How is clamping the lever overnight expected to help, anyway? I can't understand how merely compressing the fluid will change the fact that air can't (or shouldn't be able to) migrate upward beyond the primary cup, unless the cup is worn and in need of replacement.

I have tried bleeding the MC at the banjo bolt, with the wheel full lock right to ensure that the banjo was the highest point in the system. It's slightly better, but still feels a good deal softer than I think it should. In any case, the fact that I get more lever travel with the same amount of hand pressure when the system is warm seems to indicate that there's still an air bubble somewhere.

It would be great if there were some objective measure of success in this operation. It's frustrating to have only subjective "feel" to go by. I even stopped by a dealer on my lunch break to compare the lever feel of a new Strom, and it does offer decidedly more resistance than mine (with lever adjusters set to 1 in both cases).

How do shops do this? Do they use pressure bleeders?
 

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I wonder if it might be worthwhile to unmount the reservoir from the handlebar and fix it temporarily so that the MC is nearly vertical.

The threaded part of the bore is not concentric with the smooth part, and is offset toward the bottom of the bore, leaving a shoulder at the top -- it seems entirely possible for a small bubble to be trapped there at the top of the bore. Mounting the MC near-vertical (just enough off vertical so that the hose doesn't rise above the height of the fitting) might fix that.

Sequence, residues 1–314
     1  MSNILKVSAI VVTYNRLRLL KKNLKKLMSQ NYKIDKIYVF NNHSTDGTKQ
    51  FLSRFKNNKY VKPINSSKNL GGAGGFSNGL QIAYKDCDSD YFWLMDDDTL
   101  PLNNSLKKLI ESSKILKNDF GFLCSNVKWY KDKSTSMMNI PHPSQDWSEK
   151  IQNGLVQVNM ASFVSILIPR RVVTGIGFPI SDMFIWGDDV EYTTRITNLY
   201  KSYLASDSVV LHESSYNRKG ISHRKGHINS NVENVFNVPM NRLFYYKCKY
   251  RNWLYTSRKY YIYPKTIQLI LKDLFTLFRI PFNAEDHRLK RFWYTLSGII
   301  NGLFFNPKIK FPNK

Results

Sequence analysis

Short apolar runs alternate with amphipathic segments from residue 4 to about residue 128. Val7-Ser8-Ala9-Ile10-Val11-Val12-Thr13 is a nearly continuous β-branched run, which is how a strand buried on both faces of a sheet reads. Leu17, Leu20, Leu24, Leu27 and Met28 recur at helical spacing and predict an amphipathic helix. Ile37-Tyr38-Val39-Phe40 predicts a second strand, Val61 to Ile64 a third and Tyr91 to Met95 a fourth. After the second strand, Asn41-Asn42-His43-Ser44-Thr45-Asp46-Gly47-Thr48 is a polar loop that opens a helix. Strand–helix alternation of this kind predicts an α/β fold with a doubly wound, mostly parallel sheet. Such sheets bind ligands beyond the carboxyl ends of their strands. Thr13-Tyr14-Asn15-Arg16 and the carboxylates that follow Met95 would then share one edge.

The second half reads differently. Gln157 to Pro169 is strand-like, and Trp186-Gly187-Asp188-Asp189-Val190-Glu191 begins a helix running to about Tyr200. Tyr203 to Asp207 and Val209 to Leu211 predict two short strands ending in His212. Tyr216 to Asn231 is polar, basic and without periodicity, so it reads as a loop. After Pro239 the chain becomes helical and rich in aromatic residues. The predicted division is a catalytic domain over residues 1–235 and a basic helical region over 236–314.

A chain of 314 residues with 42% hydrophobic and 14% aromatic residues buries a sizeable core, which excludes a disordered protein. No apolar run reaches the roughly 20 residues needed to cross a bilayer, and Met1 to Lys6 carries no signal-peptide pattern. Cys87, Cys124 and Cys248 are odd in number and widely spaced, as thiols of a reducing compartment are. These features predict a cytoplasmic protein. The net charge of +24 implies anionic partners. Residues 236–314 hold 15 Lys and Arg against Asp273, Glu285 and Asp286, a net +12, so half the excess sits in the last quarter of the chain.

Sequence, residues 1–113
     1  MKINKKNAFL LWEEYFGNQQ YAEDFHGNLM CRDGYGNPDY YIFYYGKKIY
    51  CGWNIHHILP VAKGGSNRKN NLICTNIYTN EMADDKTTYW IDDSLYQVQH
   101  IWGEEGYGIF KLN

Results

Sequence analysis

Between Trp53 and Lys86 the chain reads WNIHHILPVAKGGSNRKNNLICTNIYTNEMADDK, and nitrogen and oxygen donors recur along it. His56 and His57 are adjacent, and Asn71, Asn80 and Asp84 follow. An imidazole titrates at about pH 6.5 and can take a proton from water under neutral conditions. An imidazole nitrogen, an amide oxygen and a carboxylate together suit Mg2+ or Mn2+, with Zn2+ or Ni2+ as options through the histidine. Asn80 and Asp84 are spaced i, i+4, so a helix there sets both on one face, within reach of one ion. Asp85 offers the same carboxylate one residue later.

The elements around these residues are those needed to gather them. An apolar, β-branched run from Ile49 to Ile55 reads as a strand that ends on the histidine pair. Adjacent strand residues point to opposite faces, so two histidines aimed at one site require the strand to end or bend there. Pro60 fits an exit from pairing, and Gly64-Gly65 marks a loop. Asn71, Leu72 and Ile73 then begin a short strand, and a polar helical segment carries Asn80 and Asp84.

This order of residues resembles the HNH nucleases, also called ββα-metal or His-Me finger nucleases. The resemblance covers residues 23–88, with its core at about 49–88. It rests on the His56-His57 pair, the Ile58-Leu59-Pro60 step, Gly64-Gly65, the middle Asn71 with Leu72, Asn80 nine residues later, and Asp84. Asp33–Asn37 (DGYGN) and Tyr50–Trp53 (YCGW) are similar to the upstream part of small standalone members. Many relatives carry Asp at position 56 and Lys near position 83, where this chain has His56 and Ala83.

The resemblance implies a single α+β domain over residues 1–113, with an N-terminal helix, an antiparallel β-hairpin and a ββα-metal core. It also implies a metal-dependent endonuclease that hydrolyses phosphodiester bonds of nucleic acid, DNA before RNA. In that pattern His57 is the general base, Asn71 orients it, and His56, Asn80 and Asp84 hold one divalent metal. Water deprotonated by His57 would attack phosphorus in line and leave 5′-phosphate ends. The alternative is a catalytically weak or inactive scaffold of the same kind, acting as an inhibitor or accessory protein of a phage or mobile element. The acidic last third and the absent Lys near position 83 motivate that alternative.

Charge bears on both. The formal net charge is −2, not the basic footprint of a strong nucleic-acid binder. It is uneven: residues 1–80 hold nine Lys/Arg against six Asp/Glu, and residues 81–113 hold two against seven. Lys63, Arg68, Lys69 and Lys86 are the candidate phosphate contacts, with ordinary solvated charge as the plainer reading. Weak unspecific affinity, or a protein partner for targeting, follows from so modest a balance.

Again, I'd love to hear how well-equipped shops deal with this ... it's definitely the least fun of any maintenance chore that I've done. :headbang:
 

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I've always said that one of my favorite tools is the vacume brake bleeder. Around $50, no waiting for hours on end, and the bleed is a 15 minute job after installing new lines or master. When used correctly it's a one shot deal
 

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I've always said that one of my favorite tools is the vacume brake bleeder. Around $50, no waiting for hours on end, and the bleed is a 15 minute job after installing new lines or master. When used correctly it's a one shot deal
I've already sucked a pint of fluid through both calipers using a Mity Vac. I don't think that's going to fix my problem, unless I'm doing something wrong.
 

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Use teflon tape on the bleeder screw threads

When using the Mity Vac, first make sure that no air passes between the threads of the loosened bleeder screw on the caliper. If air leaks through, you will just be sucking air through these threads when using the Mity Vac. If air does leak through, you should wrap a few layers of teflon tape around the threads of the bleeder screw and then re-install on the caliper.

This worked for me.
 

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I've already sucked a pint of fluid through both calipers using a Mity Vac. I don't think that's going to fix my problem, unless I'm doing something wrong.